The slot loading DVD drives are a really nice touch. It’s nice to have some good SCSI DVD drives, but seeing the slot loaders in the HP9000 certainly doesn’t remind me of 1998. Okay, maybe it does only a little bit. Who uses CDs anymore? 😉
What am I going to use this machine for? I don’t really know, it’s more of a fun time, a museum piece. I’m sure I’ll find some mundane task for it that will give me an excuse to pull it out once in a while and let people check it out. Hosting a page of some sort? Maybe Emergency backup web server? Already got one. Too bad she eats up too much power of continuous duty use, because DNS and Gateway server would be a perfect use for this thing. Maybe putting it up for a couple of weeks every few months and letting people login and play with it would be the best solution. If that is something you’d be interested in, please let me know.
Attempting the latest Gentoo Linux install on the HP 9000 R390:
While waiting for things to move along, I couldn’t help but wonder why it was so slow, poky. I’ve used 200Mhz machines before but this is life in slow motion. 😛
Installing Gentoo following the guide is really straightforward. I had no issues up until I went to compile the kernel. It would error out and it seemed no matter what I did to adjust the configuration I couldn’t get around it. I kept receiving the error message: “spinlock.h:26:9: error: ‘asm’ operand has impossible constraints” .. as well as “can’t find a register in class ‘R1_REGS’ while reloading ‘asm'” .. What a pain 🙁 Luckily, I poked around for a while and I got something worth looking into, and I was able to find a method that someone else used to patch an older kernel:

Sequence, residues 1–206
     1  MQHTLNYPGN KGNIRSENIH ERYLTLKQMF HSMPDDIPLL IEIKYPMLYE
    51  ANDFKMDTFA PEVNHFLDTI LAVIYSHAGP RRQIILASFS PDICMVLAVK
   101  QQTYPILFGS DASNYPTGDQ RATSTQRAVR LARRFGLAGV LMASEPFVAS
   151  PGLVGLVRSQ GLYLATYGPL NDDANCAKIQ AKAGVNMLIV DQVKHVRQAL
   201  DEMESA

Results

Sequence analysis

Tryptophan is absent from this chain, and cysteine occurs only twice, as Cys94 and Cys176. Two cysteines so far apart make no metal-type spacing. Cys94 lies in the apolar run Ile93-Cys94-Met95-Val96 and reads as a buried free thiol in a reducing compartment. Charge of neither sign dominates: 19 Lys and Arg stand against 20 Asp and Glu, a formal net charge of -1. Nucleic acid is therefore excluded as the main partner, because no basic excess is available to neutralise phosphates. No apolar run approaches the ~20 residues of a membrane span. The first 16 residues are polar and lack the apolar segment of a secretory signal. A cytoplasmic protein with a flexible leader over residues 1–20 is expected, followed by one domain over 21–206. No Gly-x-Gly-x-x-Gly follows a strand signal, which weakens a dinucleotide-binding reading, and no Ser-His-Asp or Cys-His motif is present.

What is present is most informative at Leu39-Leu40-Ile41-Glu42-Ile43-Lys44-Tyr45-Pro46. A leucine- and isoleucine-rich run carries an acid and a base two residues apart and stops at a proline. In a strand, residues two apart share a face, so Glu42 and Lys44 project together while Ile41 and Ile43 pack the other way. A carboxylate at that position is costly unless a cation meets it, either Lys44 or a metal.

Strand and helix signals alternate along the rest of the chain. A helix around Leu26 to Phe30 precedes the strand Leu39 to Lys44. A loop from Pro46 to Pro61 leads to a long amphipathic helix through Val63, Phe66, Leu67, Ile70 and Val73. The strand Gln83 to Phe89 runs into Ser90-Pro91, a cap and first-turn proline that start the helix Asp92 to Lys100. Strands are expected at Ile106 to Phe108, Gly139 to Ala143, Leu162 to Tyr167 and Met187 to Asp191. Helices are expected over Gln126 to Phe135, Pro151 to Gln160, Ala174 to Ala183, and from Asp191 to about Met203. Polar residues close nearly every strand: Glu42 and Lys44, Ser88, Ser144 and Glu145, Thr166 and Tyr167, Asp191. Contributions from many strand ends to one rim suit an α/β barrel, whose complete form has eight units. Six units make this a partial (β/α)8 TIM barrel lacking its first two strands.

Replace this line: volatile unsigned int *a; With this: volatile register unsigned int *a asm ("r20") = __ldcw_align(x); Remove the line a = __ldcw_align(x); altogether.
That was a nice break to catch. I ran time against the kernel compile, and it didn’t take advantage of SMP running only 1 thread for the compile. The total compile time was:
I will post more compile times later on when I rebuild the kernel, and attempt a 64 bit kernel build and report back the results. (I never got a new kernel to boot correctly and will be revisiting this issue sometime)